As I wandered from the festival grounds to meet people on the streets, I found them to be most helpful and without animosity – despite my obvious American nationality. I enjoyed their exotic food and came to appreciate the craftsmanship of their products. The only negative sensation that I had was in witnessing the mad house traffic situation in Tehran. A city of 15 million, it has grown faster that it’s infrastructure. Despite this, the city is thriving with new construction and beautiful parks and monuments – which reflect a noble and accomplished people. The Iranians seemingly love Americans, but are rightly concerned and critical of our irrational and invasive government policies. The common
response seems to be “why would your country want to attack us?”
The current condemnation of Iran is supposedly due to the possibility that they may develop nuclear weapons. We should all work for a world free from nuclear threat, but the sovereignty of nations must also be respected. Iran is signatory to the Nuclear Non-Proliferation Treaty and has opened their facilities for inspection, declaring their interest is for energy development only. No evidence to the contrary has been shown, and Iran’s Supreme Leader, the Ayatollah Khamenei condemns nuclear weaponry – actually declaring a “Fatwa” against them – as it is contrary to their nation’s faith.
However, Israel, their chief accuser (and architect behind the campaign to falsely accuse Iraq of possessing “weapons of mass destruction”), is believed to possess over 300 nuclear weapons.
Israel is not signatory to the Nuclear Non-Proliferation Treaty and has no intention of sharing information or opening their facilities for inspection – yet America continues to march to their fanatical war drums against others. Why is there no pressure on Israel to meet the same standards and why are we imposing “sanctions” against a nation that has done us no wrong? It is a preliminary act of war, and only imposed because Israeli lobbies demand it of our lap-dog politicians, who incredibly serve Zionist interests rather than the American people.
Iran is a strategic rival for regional hegemony in the resource rich middle-east and has stood strong for Islamic unity. They also courageously and most justifiably call for an end to the Palestinian occupation – the ruthless suppression of an enslaved people, largely funded by America. There is no greater injustice than that being perpetrated against the Palestinian people.
World condemnation, through the United Nations is consistently blocked by U.S. actions on the Security Council. As a result, the Non Aligned Nations Movement (NAM) is growing as an alternative to the UN. Its recent success is not generally reported in Western media, but 120 nations came together in Tehran the week before the New Horizon Film Festival – in unity and in opposition to the evils of the Israeli occupation of Palestine. The Secretary General of the United Nations even attended, as well as observers from Russia and China. The Palestinian occupation and Israeli aggressions (including “false flag” operations against other nations) are at the root of the discontents for Zionism.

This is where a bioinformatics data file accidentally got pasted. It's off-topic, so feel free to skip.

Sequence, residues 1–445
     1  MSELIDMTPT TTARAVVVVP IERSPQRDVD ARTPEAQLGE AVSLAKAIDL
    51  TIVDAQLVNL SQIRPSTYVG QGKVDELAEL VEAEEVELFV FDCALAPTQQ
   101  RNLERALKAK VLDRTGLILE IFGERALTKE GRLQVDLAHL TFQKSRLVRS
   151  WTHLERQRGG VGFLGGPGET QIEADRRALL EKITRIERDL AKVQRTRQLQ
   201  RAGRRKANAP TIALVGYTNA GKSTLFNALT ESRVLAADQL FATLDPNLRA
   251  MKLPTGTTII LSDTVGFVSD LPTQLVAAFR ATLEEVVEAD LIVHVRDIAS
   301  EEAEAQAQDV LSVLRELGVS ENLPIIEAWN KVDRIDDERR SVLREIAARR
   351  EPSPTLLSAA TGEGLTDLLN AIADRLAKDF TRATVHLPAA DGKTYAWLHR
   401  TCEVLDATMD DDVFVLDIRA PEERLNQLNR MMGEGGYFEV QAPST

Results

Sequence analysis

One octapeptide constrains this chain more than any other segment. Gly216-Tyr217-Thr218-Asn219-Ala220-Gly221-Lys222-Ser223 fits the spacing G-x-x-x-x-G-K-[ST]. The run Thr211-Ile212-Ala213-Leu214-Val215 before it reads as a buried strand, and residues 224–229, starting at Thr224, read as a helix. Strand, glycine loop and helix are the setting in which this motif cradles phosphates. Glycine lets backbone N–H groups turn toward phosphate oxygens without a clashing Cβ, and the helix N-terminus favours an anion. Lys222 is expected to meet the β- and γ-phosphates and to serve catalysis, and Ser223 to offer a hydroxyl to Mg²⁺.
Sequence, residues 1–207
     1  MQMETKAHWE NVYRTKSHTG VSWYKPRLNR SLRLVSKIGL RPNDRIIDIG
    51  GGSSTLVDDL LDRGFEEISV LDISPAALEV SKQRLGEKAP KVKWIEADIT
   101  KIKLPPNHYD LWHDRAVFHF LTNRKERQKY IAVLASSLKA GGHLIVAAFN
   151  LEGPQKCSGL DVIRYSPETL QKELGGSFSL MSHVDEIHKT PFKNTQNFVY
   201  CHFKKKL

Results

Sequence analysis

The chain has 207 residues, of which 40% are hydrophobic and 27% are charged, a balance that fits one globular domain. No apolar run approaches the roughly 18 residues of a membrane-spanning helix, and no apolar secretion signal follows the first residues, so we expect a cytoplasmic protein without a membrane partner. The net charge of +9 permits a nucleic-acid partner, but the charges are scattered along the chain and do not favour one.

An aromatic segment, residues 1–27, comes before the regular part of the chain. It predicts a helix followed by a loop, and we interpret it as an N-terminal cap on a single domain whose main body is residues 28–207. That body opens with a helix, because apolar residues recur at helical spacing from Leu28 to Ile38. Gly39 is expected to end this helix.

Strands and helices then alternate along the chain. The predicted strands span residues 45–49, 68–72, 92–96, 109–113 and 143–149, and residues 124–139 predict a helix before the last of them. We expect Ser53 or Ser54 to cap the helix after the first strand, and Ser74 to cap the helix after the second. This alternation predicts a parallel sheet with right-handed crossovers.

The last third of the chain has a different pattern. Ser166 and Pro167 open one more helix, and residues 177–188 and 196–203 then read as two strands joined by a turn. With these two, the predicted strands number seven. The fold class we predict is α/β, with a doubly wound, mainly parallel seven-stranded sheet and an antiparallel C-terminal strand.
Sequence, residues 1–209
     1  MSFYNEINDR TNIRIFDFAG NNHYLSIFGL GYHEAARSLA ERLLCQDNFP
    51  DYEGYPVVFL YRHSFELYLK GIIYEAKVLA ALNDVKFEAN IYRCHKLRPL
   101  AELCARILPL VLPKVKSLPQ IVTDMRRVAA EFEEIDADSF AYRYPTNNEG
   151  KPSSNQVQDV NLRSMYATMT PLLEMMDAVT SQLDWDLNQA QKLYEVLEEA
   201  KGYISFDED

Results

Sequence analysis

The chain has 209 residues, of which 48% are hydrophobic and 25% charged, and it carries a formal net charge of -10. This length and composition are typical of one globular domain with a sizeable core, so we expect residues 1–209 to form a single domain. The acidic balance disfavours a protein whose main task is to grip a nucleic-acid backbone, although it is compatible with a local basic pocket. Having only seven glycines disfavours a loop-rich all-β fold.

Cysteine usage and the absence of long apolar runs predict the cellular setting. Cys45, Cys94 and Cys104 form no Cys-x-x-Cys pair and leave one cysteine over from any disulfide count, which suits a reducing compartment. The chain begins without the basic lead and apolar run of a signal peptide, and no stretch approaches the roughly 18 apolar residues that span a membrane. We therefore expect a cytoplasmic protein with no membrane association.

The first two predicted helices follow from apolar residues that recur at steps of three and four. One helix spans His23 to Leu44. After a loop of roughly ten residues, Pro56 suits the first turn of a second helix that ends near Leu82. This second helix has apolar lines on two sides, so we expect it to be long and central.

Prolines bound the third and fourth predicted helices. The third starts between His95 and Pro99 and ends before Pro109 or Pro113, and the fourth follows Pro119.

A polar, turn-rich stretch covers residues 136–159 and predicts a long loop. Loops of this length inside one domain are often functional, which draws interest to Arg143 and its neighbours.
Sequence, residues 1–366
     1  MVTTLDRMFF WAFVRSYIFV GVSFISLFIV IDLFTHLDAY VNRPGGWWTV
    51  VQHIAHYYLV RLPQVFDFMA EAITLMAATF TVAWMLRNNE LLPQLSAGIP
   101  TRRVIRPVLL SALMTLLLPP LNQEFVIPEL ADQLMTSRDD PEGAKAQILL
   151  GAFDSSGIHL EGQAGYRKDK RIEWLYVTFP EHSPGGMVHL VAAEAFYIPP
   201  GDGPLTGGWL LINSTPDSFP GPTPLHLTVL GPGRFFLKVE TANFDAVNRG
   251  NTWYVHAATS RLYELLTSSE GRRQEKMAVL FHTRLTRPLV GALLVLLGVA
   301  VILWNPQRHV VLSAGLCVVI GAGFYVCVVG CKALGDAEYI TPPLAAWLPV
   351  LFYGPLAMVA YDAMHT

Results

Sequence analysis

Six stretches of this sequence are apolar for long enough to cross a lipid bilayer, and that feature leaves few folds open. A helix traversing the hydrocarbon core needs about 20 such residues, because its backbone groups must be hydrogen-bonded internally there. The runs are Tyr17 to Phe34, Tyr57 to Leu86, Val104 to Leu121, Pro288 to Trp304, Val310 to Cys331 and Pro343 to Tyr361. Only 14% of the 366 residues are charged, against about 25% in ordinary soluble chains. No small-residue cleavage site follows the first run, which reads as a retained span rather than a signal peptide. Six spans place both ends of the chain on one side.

As President Ahmadinejad gave me copy of Khayyam’s works, I gave him copy of my western motion picture, “Jericho”, and my political book, “Our Vision for America”. When I asked him what messages I might convey to the American people, he indicated “truths” and “Iran’s desire for peace”.
Through lies and evil acts, Globalists and Zionists falsely portray Iran, as they seek conflict between nations. I later told him that our State Department should be meeting with Iran’s leaders and not depending on the initiatives of private citizens, like me. However, I hope that he and the Iranian people take hope in the prospect that many patriotic Americans are awakening to the evils that have consumed us, even while our politicians continue to betray the otherwise good spirit and traditions of the American people. Growing numbers seek answers that might save America and truly promote world peace.
Americans do not want war, and are beginning to realize that our politicians, of both major parties, initiate these actions against the wishes of the American people – and in accord with the intrigues of international bankers and their Zionist agents. It is time we stopped them by creating alternatives in politics, and in media. Iran sees the need and is taking appropriate initiatives, and so should America.
I went to Iran to promote the prospects for producing “False Flag”, a critically important motion picture. I returned to America more committed than ever to produce this political thriller and, through commercial entertainment, help awaken a sleeping America. Vital truths must be revealed so that new evils are not perpetrated against the people of America and Iran, with destructive effects resonating throughout the world. I also return committed to building a viable third party, which will represent traditional working class Americans, rather than perpetuating a corrupt two party system, which serves special global interests.
God willing, my answer to the courageous efforts of President Ahmadinejad is
“I also hope to meet you in a better future”.
Merlin Miller is a West Point graduate, US Army veteran, engineer, writer, filmmaker
i hade never been in Iraq
but i have heard that Iran is rich in Islamic art.
there Mosques architecture is unique and attractive, the patteren and other design features are drawn from rich cultural heritage of Islamic world.
You cannot post new topics in this forum You cannot reply to topics in this forum You cannot edit your posts in this forum You cannot delete your posts in this forum You cannot vote in polls in this forum